Erdoğan’s call for restraint
Turkey is now coming back from a long bayram holiday, or I should say from a feast, in the Russian philosopher Bakthin’s sense of the term. “The feast” says Bakthin, “Has no utilitarian connotation [as has daily rest and relaxation after working hours]. On the contrary, the feast means liberation from all that is utilitarian, practical. It is a temporary transfer to the utopian world.” I guess that is why he also describes the feast as “the primary and indestructible ingredient of human civilization.” It might be the result of the feast he is coming from, but your analyst is definitely in a positive mood today.
I see two signs towards normalization. One happened before, and the second during the feast. The first was President Recep Tayyip Erdoğan’s call for restraint on the purge of religious fanatics that perpetrated the failed coup attempt in Turkey in July. The second was the reappearance of Abdullah Öcalan in the Turkish media once more, and the termination of a Diyarbakır-based hunger strike asking about his whereabouts. Let me elaborate.
After that dreadful July night when we witnessed Turkish jets bombing Ankara, Turkey is still in flux. Two months have passed, yet there is still a sense of urgency in the air. Remember the tight police escort of Turkish political elite at Ataturk’s mausoleum during the ceremony on Aug. 30? The police officers formed a buffer zone between the soldiers and the politicians, presumably in case the former made an attempt on the latter. Meanwhile, the purge of religious fanatics that perpetrated the failed coup is still in progress.
Just before the holiday, however, Erdoğan for the first time asked for restraint in the purge, not once, but twice. He first used the Turkish idiom “the tracks of horses are getting mingled with the tracks of dogs,” which is used to mean that the environment became too chaotic to properly distinguish between the guilty and the innocent. This is especially true in provinces where governors and public prosecutors have the time, will and multiple lists of personal enemies. The state of emergency basically meant open season in those places.
A few days later, the president reiterated the need for caution during the purge when meeting with the governors of all Turkish provinces. After emphasizing his determination to fight terrorists of all sorts, he underlined that governors have an even greater responsibility to purge their ranks and protect the innocents with utmost care at the same time. “I don’t want you to compete for suspending the highest number of civil servants,” he said, “I want you to be just.” Coming from him, that message will not fall on deaf ears.
Why is he calling for restraint? I think he is aware of the potentially devastating impact on the economy. It has become bitterly difficult for purchasing managers to operate their supply chains. No one knows for sure whether their supply chain is now “tainted” or not. If it is, and something happens, then chances are that you will forfeit the products you ordered, the money due, and maybe your freedom along the process. Take a look at the drastic decline in automotive sales, which dropped around one-third from July 2015 to July 2016 in Turkey. Look at the deterioration of PMI (purchasing managers’ index) figures in July and August. July industrial production index figures were at an 11-year low. Then second quarter growth figures came out lower than expected as well. Now it is all but certain that 2016 is going to be the fifth consecutive year of lower than average growth for the Turkish economy. Low growth is bad for politics. It is even worse for elections.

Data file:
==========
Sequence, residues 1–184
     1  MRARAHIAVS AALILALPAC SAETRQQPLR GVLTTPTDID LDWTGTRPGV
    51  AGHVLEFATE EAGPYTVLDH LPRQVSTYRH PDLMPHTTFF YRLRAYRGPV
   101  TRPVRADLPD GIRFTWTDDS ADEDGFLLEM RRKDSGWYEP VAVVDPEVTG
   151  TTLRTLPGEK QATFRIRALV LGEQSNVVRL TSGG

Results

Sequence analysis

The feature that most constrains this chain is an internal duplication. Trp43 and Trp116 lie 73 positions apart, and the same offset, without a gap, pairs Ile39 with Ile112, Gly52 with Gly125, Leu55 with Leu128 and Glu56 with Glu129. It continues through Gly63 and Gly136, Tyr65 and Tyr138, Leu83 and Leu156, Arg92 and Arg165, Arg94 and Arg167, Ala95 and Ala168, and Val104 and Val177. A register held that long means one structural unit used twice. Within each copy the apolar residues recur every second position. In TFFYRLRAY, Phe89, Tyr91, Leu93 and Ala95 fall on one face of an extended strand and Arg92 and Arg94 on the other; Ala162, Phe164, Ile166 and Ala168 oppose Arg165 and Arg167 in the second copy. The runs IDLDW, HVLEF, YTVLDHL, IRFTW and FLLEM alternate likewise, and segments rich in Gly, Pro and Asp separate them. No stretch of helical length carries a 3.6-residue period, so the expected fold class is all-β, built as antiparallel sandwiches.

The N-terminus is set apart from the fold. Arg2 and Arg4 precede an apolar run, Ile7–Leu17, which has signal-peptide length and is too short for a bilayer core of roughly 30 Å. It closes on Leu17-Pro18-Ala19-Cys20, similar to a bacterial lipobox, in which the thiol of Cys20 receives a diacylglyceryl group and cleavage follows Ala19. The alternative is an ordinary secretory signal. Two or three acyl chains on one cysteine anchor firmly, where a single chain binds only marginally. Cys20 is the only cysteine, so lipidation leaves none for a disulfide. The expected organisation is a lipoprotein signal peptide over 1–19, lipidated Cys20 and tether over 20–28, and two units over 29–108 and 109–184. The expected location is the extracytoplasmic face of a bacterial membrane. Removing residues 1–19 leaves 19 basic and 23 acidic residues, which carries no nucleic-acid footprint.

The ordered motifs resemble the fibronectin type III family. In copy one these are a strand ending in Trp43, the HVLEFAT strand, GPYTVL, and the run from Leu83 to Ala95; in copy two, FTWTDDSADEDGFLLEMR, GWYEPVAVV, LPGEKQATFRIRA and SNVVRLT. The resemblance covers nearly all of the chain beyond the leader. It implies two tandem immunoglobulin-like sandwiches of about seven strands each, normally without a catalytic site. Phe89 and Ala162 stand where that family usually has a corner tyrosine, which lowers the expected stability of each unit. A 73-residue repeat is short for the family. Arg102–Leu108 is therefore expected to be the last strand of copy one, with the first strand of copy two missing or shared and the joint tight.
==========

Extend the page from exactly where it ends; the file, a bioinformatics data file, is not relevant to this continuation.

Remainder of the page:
EU officials have been asking for restraint since the outset. U.S. officials have been doing the same. Then Erdoğan himself asked for restraint, not once, but twice. This is the first positive sign I had in mind during the Turkish feast. Then Abdullah Öcalan’s message from jail again appeared in Turkish media. It may look like an optical illusion due to the festive mood, but I feel more relaxed this time around despite all odds.
I see a trend towards normalization dictated by economic necessities. 2017 is going to be the sixth consecutive year of lower than average growth in Turkey if structural reform measures are not introduced rapidly. And low growth is definitely a bad omen for upcoming election cycles.
In order to get things back on track in time, Turkey needs to turn 2017 into a year of structural reform. That is good news for Turkey’s normalization and the continuation of its European transformation, if you ask me. Turkey needs the EU more than ever now. Turks, like anyone else, are Bakthinian at the end of the day – we cherish our “temporary transfer to the utopian world” too much to ever give it up.